It’s hard to overstate the value of the community approach to technology adoption. It has arguably lifted the cloud and the internet to become dominant forces in the world of business and computing. That’s why it’s important to share your experiences with your peers as you tread the multi-cloud pathway.
The key drivers of computing innovation over the past two decades have largely resulted from community collaboration in what has become known as the open source movement. And it is accelerating.
As WIRED observed about a year ago, “Now more than ever, even the most powerful tech companies and entrepreneurs are freely sharing the code underlying their latest technologies. They recognize this will accelerate not only the progress of technology as a whole, but their own progress as well. It’s altruism with self-interest. And it’s how the tech world now works.”
Open source can trace its roots to the academic computing community of the early 1950s, when computer scientists freely shared software they had created. That was followed by a long period where virtually all commercial computer systems were aimed at ensuring customers—and their money—were forever held captive by proprietary lock-in.
In 1983, Richard Stallman announced he would develop the GNU operating system, a Unix-like operating system meant to consist entirely of free software. Using a GNU compiler, Linus Torvalds wrote a Unix-like kernel that would become Linux.
According to the Open Source Initiative, the “open source” label came out of a 1998 strategy session after the release of the Netscape source code. It grew “from a realization that the attention around the Netscape announcement had created an opportunity to educate and advocate for the superiority of an open development process.”
Enterprises getting on board
But while open source spurred countless startups and has won over legacy vendors, enterprises have been slower to catch on. According to the recent Rackspace report, The State of Open Source, businesses cite a wide range of benefits from using open source. Over half (56%) expected that it will help them be more innovative, and a similar number expected to save costs (49%) and be more competitive (46%).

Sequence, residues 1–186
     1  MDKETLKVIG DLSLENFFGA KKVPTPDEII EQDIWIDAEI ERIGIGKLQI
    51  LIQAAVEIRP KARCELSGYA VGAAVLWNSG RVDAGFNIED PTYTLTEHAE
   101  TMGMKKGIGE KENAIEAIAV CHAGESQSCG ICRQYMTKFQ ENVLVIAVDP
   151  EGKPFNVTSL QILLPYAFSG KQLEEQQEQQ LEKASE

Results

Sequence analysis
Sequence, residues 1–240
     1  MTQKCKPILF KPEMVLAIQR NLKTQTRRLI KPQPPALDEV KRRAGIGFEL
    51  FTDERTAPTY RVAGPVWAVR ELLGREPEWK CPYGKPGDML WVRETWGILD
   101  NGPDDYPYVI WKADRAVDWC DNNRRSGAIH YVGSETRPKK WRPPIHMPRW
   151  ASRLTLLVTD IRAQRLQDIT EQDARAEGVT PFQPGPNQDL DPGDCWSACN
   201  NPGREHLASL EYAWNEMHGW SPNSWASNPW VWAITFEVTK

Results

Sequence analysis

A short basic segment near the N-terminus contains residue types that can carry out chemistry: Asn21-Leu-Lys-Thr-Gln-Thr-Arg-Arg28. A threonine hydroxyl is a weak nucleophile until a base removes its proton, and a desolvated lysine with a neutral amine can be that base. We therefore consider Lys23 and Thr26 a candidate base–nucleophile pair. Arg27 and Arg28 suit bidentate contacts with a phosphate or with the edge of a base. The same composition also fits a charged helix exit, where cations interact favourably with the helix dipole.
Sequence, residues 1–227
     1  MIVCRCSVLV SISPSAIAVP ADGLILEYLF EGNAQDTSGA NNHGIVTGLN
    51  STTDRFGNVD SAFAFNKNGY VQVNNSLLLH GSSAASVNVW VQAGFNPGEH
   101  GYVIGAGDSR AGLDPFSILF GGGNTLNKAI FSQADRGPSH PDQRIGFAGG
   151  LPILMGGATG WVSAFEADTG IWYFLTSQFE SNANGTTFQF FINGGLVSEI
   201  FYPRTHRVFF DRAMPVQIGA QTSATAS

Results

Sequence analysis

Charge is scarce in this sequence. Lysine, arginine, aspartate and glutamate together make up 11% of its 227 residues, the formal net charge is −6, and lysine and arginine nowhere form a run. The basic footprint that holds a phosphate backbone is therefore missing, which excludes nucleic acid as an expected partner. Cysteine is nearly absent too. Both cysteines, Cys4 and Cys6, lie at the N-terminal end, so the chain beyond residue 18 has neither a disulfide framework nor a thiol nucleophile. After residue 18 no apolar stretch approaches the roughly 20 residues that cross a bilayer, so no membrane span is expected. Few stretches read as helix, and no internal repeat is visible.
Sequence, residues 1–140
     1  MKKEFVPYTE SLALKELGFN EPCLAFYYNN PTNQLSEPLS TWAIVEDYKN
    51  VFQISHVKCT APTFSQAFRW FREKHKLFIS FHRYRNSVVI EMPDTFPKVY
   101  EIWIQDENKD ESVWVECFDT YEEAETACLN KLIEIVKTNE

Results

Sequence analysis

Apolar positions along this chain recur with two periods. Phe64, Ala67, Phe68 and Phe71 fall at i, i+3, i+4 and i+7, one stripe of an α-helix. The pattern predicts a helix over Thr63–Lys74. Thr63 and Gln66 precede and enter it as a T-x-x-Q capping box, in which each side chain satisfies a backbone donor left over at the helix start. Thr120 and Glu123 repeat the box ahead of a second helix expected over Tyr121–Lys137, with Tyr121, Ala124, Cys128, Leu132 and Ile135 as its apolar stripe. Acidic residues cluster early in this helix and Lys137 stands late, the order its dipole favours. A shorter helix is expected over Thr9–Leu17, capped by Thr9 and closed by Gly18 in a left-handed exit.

“Simply stated, software innovation has decisively shifted to open source,” writes CIO contributor Bernard Golden. “It’s difficult to think of a single software segment that has a proprietary packaged software vendor defining and leading the field.”
Furthermore, Golden says, “For IT organizations to fulfill their role as the factory of the future, they need to embrace open source, with all its benefits and drawbacks.”
As enterprises move to adopt multi-cloud environments, that open source community spirit is going to be a vital component of innovation. Think of it as a giant user group aimed at spurring everyone on to greater accomplishments.
Inspire and be inspired
Does sharing your experiences go against the grain of your competitive spirit? It shouldn’t.
Rackspace Chief Digital Technologist Mike Bainbridge offered his perspective on how a sense of community can help professionals gain insight from their peers at the company’s Solve London conference. “Learning what experts do well, and understanding common mistakes, is a great way to develop a strategy,” he said. “The experiences people were willing to share over the two days was truly inspiring.”